Effective literacy programs enable students to move between reading and writing, and involve them in speaking and listening experiences which support and extend their literacy learning and skills (Christie, 2005).
Oral language is at the core of our whole school literacy approach. It lays the foundation for the reading and writing skills children will develop as they progress through school.
At Alawa we use two workshop models that connect all elements of the acquisition of literacy.
The Alawa Reading and Writing Workshops provide a structure to the effective instruction of Reading and Writing. An important factor in our workshop models is the connection between Reading, Writing and listening and speaking as well as fostering a love of reading and writing.
Both Reading and Writing workshops:
- include dedicated, uninterrupted blocks of time for reading and writing that occur regularly
- make clear connections between meaning making in reading and writing
- support students to understand the difference between spoken and written language as they progress through the primary years
- ensure students engage in peer conferences at all phases of the reading and writing process
- use rich, authentic texts as mentor or model texts
- ensure teachers model reading and writing and make their own processes visible
- provide scaffolding and feedback to students at all stages of the reading/writing process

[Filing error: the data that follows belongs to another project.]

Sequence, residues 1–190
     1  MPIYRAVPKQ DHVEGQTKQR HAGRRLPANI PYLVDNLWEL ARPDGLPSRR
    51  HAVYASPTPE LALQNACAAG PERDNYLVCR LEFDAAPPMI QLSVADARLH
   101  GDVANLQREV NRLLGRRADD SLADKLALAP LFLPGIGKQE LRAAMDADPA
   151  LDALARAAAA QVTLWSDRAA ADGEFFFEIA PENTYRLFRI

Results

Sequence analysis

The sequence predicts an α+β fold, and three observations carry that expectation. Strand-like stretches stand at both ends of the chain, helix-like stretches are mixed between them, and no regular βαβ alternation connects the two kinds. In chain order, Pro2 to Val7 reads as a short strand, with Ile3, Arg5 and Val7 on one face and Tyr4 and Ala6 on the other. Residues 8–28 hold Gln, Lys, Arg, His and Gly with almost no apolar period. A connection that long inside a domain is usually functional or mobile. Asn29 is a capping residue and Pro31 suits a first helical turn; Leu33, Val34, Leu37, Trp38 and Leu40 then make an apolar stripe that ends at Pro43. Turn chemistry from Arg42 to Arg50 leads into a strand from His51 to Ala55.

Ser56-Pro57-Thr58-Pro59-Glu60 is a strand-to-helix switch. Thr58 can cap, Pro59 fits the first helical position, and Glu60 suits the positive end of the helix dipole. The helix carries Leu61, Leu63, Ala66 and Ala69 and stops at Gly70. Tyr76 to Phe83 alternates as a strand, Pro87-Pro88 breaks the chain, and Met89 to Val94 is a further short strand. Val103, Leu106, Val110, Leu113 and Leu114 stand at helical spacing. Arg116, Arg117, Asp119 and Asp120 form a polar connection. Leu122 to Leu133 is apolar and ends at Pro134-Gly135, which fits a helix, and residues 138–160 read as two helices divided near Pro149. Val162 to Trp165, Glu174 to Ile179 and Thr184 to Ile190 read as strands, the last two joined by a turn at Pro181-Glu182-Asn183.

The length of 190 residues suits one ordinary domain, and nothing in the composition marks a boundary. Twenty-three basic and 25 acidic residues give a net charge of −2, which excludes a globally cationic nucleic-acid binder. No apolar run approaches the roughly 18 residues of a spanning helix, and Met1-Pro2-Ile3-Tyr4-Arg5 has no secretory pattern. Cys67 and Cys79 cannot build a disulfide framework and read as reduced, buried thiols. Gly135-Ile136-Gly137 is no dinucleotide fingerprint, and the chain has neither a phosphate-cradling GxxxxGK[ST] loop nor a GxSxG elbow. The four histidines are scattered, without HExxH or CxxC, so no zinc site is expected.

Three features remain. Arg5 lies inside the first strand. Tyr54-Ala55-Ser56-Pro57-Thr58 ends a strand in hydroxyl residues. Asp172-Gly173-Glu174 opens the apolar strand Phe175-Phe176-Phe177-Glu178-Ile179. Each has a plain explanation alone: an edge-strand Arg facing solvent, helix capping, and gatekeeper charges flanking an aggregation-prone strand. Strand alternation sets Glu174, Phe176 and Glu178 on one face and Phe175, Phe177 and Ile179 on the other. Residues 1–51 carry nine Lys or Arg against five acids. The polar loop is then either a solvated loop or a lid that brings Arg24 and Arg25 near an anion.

- include explicit instruction about foundational phonic and phonological skills necessary to encode meaning as well as knowledge about language
Writer's Workshop Model
Alawa writers Workshop is a teaching model encompasses a range of teaching practices such as modelled writing, shared writing, interactive writing and independent writing where varying levels of support can be provided at different points of need. It includes explicit instruction about the processes of writing, structural and grammatical features of genres, and spelling. It has an emphasis on ‘writing as a process’, and where individual interest and choice are fundamental to students becoming independent writers.
An important component of the Writing Workshop approach is the Writer’s Notebook. This is a place for students to save their words—in the form of a memory, a reflection, a list, a rambling of thoughts, a sketch.
Key research by Christine Topfer and Deirdre Arendt underpins Alawa’s approach to spelling. Their approach is underpinned by a holistic and inquiry-based learning approach to spelling using Big Ideas. It is designed to support teachers to foster a culture of word noticing, transforming students into curious thinkers and effective, competent spellers. Other programs that support our instruction include Words Their Way (Yr 2-6) and Sound Waves (T-1)
Alawa’s Readers workshop is a teaching model which allows students to engage in authentic reading experiences. It is an effective way to differentiate instruction and provide opportunities for selecting and reading books, writing about books as well as sharing ideas about books individually, with a partner or in group discussions.
The Reader’s Workshop is about teachers, teaching reading strategies and students authentically using those strategies immediately in their self-selected, ‘Just Right Books’. It involves the shared reading of quality mentor texts to explicitly teaching reading skills and strategies.
Throughout the Readers workshop thee is the explicit teaching of Reading Strategies. Sheena Cameron’s work provides a framework for the selection and teaching of specific reading strategies that the students need to acquire to be effective readers.